From a singing perspective, Hudson said she wasn’t out to do an Aretha impression, but rather sought to channel the late singer’s feel.

“It was more about paying homage because she’s influenced everyone musically and beyond,” she said. “I’m an artist, so for me, it was about allowing the influence she’s had on me to come through while using certain nuances from her style that are specific to her and familiar to us.”

Working with dialect coach Thom Jones, Hudson uncovered features in Franklin’s technique that required adjustments to her own singing: The Queen of Soul shaped her mouth upward when approaching a note, for instance, and she sang from the top of her head.

What Franklin and Chicago-born Hudson did have in common were their gospel roots. More than anything, Hudson said, “it was very important to me to maintain the soul in everything.”

As a lifelong Franklin fan, she also had to block out her familiarity with the songs. Hudson cited a tricky scene in which Aretha’s sister Carolyn guides her through the new composition “Ain’t No Way.”

“I’m not Jennifer right now,” Hudson said she told herself. “I’m playing Aretha in character. And in her life in this moment, she’s learning the song. So Jennifer has to unlearn the song and approach it in a way where we’re not getting ahead of ourselves.”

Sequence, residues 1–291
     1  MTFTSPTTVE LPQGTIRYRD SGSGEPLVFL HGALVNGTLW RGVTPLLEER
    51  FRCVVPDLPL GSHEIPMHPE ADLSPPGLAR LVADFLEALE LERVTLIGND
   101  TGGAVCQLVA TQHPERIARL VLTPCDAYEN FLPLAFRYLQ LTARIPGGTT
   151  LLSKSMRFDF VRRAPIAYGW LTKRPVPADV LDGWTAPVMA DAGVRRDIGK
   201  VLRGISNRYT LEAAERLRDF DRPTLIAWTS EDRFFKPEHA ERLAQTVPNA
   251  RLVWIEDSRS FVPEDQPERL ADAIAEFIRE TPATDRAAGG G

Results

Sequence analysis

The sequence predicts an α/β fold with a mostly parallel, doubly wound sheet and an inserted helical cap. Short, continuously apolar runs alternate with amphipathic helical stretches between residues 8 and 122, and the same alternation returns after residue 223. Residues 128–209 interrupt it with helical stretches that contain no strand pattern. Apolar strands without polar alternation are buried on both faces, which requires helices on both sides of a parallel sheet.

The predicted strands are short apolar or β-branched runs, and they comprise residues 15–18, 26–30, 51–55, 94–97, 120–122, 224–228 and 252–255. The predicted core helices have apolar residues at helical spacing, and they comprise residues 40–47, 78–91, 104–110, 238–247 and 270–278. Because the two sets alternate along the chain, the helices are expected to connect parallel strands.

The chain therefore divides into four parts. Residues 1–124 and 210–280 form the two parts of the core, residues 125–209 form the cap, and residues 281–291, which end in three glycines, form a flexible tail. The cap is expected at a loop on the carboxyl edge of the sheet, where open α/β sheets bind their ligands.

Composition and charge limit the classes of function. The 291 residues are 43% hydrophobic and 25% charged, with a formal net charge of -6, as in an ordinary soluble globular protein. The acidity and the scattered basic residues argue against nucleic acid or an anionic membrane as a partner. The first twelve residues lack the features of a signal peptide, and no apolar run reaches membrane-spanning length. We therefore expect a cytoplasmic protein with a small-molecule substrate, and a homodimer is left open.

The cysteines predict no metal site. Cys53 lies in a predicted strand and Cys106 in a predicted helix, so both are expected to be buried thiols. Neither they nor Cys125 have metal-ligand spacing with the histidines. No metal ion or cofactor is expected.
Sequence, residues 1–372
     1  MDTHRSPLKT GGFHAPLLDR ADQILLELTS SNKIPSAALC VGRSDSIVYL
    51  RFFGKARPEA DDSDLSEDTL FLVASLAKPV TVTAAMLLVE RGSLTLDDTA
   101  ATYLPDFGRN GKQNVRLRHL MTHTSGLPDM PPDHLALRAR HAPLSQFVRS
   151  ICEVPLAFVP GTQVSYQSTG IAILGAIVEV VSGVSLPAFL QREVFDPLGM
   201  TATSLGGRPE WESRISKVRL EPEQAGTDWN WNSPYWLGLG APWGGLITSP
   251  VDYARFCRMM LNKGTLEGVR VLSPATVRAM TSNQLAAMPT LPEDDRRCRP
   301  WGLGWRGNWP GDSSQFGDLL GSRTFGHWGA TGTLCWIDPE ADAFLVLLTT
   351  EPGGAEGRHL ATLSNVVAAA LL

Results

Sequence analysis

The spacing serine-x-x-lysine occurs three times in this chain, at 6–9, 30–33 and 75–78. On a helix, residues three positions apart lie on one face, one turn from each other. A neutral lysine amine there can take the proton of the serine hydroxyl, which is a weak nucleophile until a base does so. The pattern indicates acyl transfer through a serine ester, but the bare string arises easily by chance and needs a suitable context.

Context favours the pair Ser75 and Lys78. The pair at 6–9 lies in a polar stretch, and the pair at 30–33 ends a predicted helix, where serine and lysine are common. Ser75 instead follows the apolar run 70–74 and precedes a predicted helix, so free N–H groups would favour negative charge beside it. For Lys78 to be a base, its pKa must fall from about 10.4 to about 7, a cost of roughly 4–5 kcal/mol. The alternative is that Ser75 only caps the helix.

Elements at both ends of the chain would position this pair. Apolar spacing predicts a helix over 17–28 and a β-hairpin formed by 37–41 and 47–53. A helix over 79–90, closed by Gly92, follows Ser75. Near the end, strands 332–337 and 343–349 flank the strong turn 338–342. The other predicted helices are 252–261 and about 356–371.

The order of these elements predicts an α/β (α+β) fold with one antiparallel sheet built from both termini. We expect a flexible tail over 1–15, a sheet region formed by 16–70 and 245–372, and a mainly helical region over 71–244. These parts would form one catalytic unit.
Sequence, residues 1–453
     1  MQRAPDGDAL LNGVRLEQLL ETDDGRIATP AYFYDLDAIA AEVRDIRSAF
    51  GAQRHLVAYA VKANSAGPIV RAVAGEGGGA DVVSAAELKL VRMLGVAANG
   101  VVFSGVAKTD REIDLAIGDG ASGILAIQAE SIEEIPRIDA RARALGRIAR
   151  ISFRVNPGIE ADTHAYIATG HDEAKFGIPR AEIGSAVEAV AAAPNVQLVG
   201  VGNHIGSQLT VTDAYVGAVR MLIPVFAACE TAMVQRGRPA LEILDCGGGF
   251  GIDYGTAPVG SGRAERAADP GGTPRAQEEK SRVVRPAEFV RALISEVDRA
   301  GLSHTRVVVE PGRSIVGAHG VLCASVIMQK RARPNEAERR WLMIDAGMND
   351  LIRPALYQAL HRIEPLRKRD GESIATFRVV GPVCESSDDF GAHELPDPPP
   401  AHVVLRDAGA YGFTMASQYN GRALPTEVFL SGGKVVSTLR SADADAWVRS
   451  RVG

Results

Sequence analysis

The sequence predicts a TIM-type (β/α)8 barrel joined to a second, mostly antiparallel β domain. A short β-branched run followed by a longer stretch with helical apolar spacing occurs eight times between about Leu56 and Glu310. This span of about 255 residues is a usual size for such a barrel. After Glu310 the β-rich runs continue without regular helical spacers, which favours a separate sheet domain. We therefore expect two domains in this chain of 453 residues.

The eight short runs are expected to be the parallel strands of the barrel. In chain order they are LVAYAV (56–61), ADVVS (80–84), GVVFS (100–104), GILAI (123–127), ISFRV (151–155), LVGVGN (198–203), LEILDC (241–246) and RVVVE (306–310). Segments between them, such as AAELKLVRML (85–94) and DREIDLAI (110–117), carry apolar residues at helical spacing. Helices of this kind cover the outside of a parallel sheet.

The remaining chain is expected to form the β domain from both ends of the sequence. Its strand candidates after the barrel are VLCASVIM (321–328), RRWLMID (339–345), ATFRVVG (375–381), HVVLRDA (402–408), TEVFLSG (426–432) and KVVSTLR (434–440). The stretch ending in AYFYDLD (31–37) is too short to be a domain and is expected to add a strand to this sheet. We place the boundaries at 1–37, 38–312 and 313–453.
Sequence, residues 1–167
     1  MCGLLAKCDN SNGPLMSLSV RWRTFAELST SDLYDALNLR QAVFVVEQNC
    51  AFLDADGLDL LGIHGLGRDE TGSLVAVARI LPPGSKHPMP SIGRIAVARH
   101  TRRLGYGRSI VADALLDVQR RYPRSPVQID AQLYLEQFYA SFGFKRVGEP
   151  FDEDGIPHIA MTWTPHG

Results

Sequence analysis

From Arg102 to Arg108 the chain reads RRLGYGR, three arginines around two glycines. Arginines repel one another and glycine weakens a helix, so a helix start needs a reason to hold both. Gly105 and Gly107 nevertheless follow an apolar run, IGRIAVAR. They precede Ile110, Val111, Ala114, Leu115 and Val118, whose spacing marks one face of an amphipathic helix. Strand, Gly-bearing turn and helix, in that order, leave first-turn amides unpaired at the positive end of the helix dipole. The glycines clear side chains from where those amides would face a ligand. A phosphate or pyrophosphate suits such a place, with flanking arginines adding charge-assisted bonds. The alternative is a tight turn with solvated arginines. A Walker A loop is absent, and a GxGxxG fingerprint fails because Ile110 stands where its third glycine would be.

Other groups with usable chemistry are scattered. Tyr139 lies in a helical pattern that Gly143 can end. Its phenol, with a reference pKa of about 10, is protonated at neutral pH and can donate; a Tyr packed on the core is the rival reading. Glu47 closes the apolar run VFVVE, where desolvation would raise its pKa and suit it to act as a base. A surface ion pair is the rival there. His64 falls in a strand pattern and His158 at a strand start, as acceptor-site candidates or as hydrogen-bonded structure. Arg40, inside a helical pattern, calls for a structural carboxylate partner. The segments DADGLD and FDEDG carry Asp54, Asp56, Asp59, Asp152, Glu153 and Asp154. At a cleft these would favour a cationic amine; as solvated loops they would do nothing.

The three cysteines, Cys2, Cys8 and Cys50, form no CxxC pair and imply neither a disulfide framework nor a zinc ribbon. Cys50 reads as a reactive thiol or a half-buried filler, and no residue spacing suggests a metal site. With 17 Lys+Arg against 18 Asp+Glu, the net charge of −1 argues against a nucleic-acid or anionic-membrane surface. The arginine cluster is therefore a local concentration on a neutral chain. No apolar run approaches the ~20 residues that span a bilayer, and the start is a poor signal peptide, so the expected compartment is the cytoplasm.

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Tommy says her Broadway experience gave her a clarity of vision as she embarked on “Respect” — including her insistence on live singing during the shoot.

“That was going to bring a power to the performances on film that you could never capture in a studio,” she said. “And I was right. Every single person who sings in this movie did it live on set, and that's what we're using in the film — from Audra McDonald to the little girl to Jennifer to Tituss Burgess (as the Rev. James Cleveland). Everybody is in there at their most fully realized, powerful voice.”

For all the confidence in her approach, Tommy said she felt “enormous pressure” taking on the towering story of Franklin, whom she never met.

Clint Ramos, Jennifer Hudson in one of his desgins for "Respect," and Liesl Tommy, the director and co-writer of the Aretha Franklin biopic, on the set.

“There was so much where I just had to trust my instincts, trust my research, trust the conversations that I had with people about her,” Tommy said. “But there is a point as a filmmaker where you kind of have to set everything aside and just commune with the spirit of the person — just channel that and go with your gut.”

With cinematographer Kramer Morgenthau, the director also set forth a distinct aesthetic feel as “Respect” moved through time: The ‘50s would have a “buttoned-up formality” as Franklin grew up in the shadow of her powerful father. The ‘60s, as she blossomed into independence, would feel fast and vibrant. And for the early ‘70s — as Franklin found sobriety and celebrated her church roots with “Amazing Grace” — a sense of calm would take over.

In March 2020, Tommy and her team were one week into editing when the pandemic hit, and they retreated to their own apartments in New York and New Jersey. With the frequent blare of sirens outside, they continued to work, collaborating in real time via Zoom.

Coupled with the early anxiety of the pandemic, the isolated process proved extremely challenging, Tommy said. But immersing in the film also served as peace and escape.